In honor of it winning the 2013 Hugo Award for Best Graphic Story, I thought I'd go ahead and take a look at Saga: Volume 1 this week.

From the mind of Brian K. Vaughan (Y: The Last Man) and illustrated by Fiona Staples (Mystery Society; North 40), Saga: Volume 1 tells the tale of two star-crossed lovers out to leave their past behind and start a new life together. Alana is a winged being from the world known as Landfall. Her world is at war with the inhabitants of their moon, called Wreath. Drafted to fight in that war, Alana eventually found herself working as a prison guard where she met Marko. Born of Wreath, Marko, too, was a soldier. His race has horns and can wield magic, whereas the people of Landfall are technologically superior. Somehow, the two fell in love and decided to desert their respective armies and build a new life together. That new life is complicated by the arrival of Hazel, their child, who represeSaga Spreadnts something neither side of the war thought possible: genetic compatibility. Hazel has her mother's wings and her father's horns. Hunted by just about everyone including royalty and freelancers, Marko and Alana race to escape the planet Cleave, to protect their newborn daughter from the forces out to take her from them, and get away from the war neither wants to be a part of anymore.

Everyone told me to read this book. Seriously. Artists, writers, editors and Twitter friends couldn't stop raving about Saga, so I had to give it a try and I'm glad I did. The story is deceptive. It feels small at first—a family just trying to survive and live their lives on their own terms, away from all the fighting that defines two cultures and that has spread out to countless worlds throughout the galaxy. But that's where the deception comes in: This story is truly epic in scale and in scope. There is so much going on, so much worldbuilding right from the get-go. You will recognize new story threads here and there, and wonder when they’ll be given a little tug. Like The Will’s story, a Freelancer out to save a slave from a life of prostitution. Or Prince Robot IV and Agent Gale of the Landfall Secret Intelligence. Something is going on with them, just not sure what. Yet. These little bits help to build a rich tapestry of what the galaxy of Saga is all about, without ever info-dumping the reader.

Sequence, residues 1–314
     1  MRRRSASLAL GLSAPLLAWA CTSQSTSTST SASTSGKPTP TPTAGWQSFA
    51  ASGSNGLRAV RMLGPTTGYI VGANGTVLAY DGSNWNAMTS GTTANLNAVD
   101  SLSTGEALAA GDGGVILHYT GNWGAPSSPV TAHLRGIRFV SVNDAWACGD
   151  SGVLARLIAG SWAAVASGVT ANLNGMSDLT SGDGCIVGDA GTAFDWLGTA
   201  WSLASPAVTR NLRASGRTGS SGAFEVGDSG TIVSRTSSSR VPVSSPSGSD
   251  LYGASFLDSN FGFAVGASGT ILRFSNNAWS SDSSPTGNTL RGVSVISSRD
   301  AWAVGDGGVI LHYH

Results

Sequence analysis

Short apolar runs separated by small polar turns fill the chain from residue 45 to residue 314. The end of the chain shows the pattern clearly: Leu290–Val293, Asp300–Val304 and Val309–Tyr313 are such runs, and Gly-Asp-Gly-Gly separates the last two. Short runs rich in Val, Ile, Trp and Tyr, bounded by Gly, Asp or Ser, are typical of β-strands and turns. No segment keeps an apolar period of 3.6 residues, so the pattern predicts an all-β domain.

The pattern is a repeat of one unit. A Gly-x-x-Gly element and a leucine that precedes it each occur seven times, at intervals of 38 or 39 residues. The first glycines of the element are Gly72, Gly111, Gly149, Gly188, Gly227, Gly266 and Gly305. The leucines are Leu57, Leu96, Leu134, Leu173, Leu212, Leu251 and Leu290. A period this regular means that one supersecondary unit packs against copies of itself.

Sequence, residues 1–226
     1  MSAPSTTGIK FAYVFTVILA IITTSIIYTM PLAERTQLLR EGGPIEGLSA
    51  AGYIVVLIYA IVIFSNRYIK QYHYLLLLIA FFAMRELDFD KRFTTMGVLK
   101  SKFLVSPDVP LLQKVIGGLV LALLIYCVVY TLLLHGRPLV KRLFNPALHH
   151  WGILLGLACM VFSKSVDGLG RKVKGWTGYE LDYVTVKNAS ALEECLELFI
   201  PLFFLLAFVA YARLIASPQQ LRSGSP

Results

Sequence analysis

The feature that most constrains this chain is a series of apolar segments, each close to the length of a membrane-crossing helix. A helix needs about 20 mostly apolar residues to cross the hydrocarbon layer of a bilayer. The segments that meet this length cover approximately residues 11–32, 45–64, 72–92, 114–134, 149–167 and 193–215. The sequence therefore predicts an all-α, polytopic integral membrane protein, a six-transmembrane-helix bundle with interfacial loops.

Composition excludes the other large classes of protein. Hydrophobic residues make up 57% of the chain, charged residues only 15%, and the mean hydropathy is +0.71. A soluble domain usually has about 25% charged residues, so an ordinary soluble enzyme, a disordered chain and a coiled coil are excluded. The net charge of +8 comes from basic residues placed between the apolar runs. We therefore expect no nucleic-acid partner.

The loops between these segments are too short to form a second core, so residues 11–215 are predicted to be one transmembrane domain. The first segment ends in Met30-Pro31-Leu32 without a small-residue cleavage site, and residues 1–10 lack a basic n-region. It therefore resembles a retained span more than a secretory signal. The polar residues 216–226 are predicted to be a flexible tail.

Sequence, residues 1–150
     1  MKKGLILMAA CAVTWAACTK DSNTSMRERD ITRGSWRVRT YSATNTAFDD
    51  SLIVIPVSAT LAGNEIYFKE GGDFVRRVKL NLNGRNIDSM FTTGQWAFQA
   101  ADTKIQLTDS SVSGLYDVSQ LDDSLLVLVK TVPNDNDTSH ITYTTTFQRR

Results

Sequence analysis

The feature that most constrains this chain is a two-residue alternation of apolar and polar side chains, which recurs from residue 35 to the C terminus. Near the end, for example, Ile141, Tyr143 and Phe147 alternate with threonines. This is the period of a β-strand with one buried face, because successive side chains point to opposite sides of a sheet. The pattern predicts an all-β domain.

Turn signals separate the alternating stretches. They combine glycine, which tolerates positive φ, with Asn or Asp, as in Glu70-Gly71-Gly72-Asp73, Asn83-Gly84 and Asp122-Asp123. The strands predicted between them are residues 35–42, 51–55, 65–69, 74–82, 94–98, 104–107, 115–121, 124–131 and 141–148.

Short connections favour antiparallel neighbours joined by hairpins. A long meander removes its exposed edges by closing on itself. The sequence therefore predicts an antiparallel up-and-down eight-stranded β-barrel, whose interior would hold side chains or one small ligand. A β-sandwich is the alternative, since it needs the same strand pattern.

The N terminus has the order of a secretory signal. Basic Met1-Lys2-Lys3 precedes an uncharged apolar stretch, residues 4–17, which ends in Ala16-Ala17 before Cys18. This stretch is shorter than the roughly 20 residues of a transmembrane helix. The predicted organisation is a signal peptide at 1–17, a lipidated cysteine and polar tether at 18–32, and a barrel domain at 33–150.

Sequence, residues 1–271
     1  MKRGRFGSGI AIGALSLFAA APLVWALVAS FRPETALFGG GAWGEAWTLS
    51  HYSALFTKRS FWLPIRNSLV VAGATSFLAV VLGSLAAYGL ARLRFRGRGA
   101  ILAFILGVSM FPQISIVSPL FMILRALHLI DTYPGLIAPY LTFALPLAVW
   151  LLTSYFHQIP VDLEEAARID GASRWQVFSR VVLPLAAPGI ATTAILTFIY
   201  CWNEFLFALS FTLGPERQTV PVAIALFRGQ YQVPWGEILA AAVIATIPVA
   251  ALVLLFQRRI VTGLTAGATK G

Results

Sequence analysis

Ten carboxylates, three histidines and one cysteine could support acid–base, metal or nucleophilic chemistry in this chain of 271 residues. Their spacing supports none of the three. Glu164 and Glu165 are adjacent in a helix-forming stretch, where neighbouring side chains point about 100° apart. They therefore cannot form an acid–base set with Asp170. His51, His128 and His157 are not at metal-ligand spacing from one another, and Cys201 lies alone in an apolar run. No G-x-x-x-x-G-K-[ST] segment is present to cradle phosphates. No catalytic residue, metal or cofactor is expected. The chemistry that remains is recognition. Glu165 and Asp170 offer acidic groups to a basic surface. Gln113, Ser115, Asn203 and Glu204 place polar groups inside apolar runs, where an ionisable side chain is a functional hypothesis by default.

Now, there is nudity in the book and sex, and language, so I leave it to parents to decide if this is appropriate for their kids. As a movie, it would probably end up rated PG-13 if not a straight up R. The art is fantastic. Fiona Staples captures the characters and settings well. I've mentioned before that I'm not a fan of the “Marvel Style” of overly muscled people, and Staples does none of that here. The art is clean. Even the battle scenes, which could lend themselves to being overdone, cut right to the chase. There is nothing to distract you from the story, and that is a rare thing in comics these days.

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As I mentioned above, Saga: Volume 1 took the Hugo Award for Best Graphic Story. Given the strength of the writing and the artwork, I've no doubt we'll be seeing future volumes on the Hugo ballot moving forward.

Patrick Hester is an author, blogger and 2013 Hugo Award Winner for Best Fanzine (Editor - SF Signal) He lives in Colorado, writes science fiction and fantasy, and can usually be found hanging out on his Twitter feed. His Functional Nerds and SF Signal weekly podcasts have both been nominated for Parsec awards, and the SF Signal podcast was nominated for a 2012 and a 2013 Hugo Award. In addition to his Kirkus posts, he writes for atfmb.com, SF Signal and Functional Nerds.